It takes a lot of data to make Shrek. The big guy has to run, eat, talk. How much data? We're talking in the order of data centers to process the bits to bring the warm-hearted monster to its animated life.
The making of an animated film is a look into the changing world of networking and its importance in the making of just about anything these days.
The big question in today's networking world is how to reduce network complexity and reduce all the power it takes to manage data centers.
Dreamworks is in the business of making animated films. The studio has to have the ability to make films efficiently. In many respects, the number of films that Dreamworks produces in a year is dependent on how well it can use its network to do the core processing of the animated characters it is producing.
It's a similar comparison to what we see with the real-time Web. The Internet is at the center of a dynamic supply chain that requires real-time information to be delivered to the right people in the supply chain as events occur.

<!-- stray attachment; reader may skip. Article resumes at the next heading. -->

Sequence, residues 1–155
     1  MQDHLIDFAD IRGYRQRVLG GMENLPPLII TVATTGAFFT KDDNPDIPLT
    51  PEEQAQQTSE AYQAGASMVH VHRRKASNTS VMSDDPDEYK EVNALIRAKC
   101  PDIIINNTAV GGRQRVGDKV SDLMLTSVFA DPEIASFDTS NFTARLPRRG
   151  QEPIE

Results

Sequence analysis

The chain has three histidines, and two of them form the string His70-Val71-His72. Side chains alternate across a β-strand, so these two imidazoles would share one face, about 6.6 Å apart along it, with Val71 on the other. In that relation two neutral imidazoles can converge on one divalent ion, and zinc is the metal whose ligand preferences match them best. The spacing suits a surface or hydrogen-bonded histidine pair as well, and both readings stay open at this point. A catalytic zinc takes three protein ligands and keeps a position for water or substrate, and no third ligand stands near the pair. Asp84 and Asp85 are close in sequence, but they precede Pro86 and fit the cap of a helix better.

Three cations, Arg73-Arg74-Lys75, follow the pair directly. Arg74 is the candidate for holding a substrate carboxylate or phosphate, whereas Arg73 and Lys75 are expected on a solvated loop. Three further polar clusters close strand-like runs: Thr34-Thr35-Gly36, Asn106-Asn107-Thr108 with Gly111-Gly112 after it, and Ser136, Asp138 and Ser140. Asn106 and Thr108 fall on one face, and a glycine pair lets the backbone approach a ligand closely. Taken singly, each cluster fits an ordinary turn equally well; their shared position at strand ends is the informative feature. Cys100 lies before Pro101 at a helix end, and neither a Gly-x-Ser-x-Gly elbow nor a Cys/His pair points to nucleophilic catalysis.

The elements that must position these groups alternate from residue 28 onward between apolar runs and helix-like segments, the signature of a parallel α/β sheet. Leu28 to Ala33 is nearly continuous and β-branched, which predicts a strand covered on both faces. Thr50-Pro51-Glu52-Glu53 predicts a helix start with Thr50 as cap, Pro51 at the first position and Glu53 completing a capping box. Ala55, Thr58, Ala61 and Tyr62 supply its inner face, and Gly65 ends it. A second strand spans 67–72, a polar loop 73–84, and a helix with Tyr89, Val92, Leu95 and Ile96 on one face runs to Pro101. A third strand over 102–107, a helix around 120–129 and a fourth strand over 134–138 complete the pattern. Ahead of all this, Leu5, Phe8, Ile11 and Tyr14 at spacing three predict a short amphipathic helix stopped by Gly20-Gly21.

The challenges are similar in a studio where the network is at the center of the film production process.
The evidence is in the credits of any animated film. The number of specialists required to make an animated film represents the bulk of the people employed to produce it. The network is critical for these people to do their work. It's at the center of the film production process.
The Dreamworks story is a window into the new networking reality. The studios face challenges with producing high-quality films quickly and efficiently. For mot enterprises the challenges are different. They are not processing animated characters. Instead the increasing challenge is the structured and unstructured data that has to be organized, stored and shared.
Networks are at the center of that issue, too. Companies like HP are betting on the premise that the data center network requires a converged infrastructure to manage the complexities of the Web oriented enterprise.
The battle is for the network.